The Quiet Girl
“Kosa blends secrets, lies, revenge, and deceit into a complex stunner of a book.”
The story opens with a warm, homey scene of a woman humming a tune as she lovingly bakes a cake in her kitchen. The author describes the scene in brilliant detail, the measuring, the mixing, the stirring, the batter pouring into cake pans that are then slid into a preheated oven. Then comes the frosting. The powdered sugar, the softened butter, the extract. And the food coloring. Blue, yellow, and pink. It's a you-are-there Martha Stewart moment if there ever was one.
Ah, the cake is done and out of the oven it comes. The aroma wafts right off the page. Time for the frosting, and what follows, the actual application of the frosting as it adorns the cake is absolutely mouth-watering.
But wait! This isn't a cookbook. Isn't The Quiet Girl a mystery? What is so mysterious about baking a cake:
". . . the cake was a garden of delight, a riot of color, a treat for the senses."
But, oh, my friends, read between the lines, and you will see mayhem coming at the speed of a runaway train.
Clinical psychologist/fantasy and sci-fi author Sara Fine doesn't waste a word in this, her sinister and compelling psychological suspense debut written as S. F. Kosa.
After the kitchen scene, she introduces her sympathetic character, Alex Zarabian. He's beside himself handling a crisis at work while at the same time trying to make amends with his wife Mina, a well-known romance author, after a raging argument. He wants to apologize, only now he can't find her. He calls everyone he thinks might know where she is, goes every place he thinks she might be. No luck. So he heads to the vacation home she purchased with her royalties thinking she's tucked herself away writing:
". . . I need to be understanding if she's in the middle of a scene or a chapter or even one of her reveries where she sits there, fingers resting lightly on her keyboard, expression blank, eyes unfocused. If she's into her work, I'm going to smile and tell her I love her and I'm sorry and we'll talk later . . ."
He doesn't want to argue anymore, he just wants her. They met at a book signing and got married after a six-month whirlwind romance. He slowly comes to realize he doesn't know as much about Mina as he thought. In fact, there's a lot he doesn't know about her.
Getting nowhere in his search for his wife, Alex reluctantly goes to the police and files a missing person report. But it isn't long before he gets impatient and frustrated at what he sees as a disinterested, slow rolling investigation. His interference and constant questioning threaten to antagonize the detective handling the case.
The story then switches to Layla, a restaurant kitchen worker who comes across flaky and flighty, but that's her way of hiding the fact that she often gets lost and doesn't remember things including her past. The people she works with think she's a bit off. Not all there:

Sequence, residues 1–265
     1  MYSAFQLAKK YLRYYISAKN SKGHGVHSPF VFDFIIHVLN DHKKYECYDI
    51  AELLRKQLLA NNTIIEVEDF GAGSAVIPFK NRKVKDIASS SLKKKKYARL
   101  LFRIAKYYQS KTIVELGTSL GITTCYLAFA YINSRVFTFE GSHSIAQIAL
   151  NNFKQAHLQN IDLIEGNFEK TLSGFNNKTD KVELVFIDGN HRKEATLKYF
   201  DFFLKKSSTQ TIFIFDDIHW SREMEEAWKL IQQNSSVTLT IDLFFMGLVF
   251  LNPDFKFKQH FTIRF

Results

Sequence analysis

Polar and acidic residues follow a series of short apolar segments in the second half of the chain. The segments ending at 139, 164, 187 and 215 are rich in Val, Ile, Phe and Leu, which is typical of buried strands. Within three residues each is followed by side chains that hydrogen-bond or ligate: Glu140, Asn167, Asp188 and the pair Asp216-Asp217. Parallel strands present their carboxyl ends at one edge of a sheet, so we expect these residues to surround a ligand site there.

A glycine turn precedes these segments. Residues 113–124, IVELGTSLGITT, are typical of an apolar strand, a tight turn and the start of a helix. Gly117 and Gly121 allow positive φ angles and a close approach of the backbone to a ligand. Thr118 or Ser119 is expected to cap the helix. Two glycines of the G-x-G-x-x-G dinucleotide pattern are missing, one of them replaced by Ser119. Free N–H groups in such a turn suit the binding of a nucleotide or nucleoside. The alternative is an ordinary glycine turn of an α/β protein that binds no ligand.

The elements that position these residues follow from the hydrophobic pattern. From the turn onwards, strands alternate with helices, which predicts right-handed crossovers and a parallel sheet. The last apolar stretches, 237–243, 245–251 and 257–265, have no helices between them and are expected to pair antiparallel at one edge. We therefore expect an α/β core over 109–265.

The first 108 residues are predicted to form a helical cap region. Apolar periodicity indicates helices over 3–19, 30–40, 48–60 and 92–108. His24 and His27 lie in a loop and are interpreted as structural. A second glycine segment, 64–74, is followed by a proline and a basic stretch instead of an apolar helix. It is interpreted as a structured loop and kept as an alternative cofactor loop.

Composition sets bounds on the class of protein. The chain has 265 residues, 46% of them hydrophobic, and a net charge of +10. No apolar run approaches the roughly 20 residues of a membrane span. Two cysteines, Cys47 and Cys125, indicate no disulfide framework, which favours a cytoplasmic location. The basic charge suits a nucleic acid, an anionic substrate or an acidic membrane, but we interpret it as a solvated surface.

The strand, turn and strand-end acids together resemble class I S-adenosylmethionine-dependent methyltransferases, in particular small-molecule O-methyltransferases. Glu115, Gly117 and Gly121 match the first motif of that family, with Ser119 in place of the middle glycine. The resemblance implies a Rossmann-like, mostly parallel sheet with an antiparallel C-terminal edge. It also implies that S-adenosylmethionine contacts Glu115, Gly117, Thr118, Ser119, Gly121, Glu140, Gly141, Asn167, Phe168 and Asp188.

" . . . Her eyes and nose burned. A droning buzz filled the space between her ears. Her vision flashed with blotches of red and black. She braced her palm against the wall."
With episodes like that, her job becomes iffy, and she's on the verge of being fired. With no place to live, the bartender Esteban kindly takes her in as a roommate.
One day a waitress doesn't show up, and Layla is enlisted to fill the spot waiting tables. A customer recognizes her as someone named Maggie Wallace. Layla freaks out when he approaches her.
Next, we meet Maggie Wallace. She's waking up on the side of the road after being hit by a car:
"The sky overhead was a cheerful and cloudless blue. She stared up at it while her ears throbbed and buzzed.
"'Did someone call 911?' Sound returned, the shield of white noise pierced by a man's shouted plea. He hunched over her, blocking her view of the sky. 'You ran right out in front of me!'"
In the hospital, she's told she'd been running from a pursuer. She doesn’t remember that.
But don't worry! No spoilers here! Readers will see this coming, and perhaps are meant to. Remember. Mina is still missing!
This is not light reading. And kudos to Kosa for her excellent writing. It's tricky to write scenes with a character living in one reality who doesn't remember her past, then to write scenes with her alter ego living in a different reality who also doesn't remember her past. This is what will keep readers enthralled to the surprising end though admittedly the internal dialogue of characters who have no memory can be anxiety producing. The payoff is readers eventually find out who the cake is for.
Kosa blends secrets, lies, revenge, and deceit into a complex stunner of a book.
It is also lightly sprinkled with F-bombs, which some readers will find unnecessary in an already colorful story.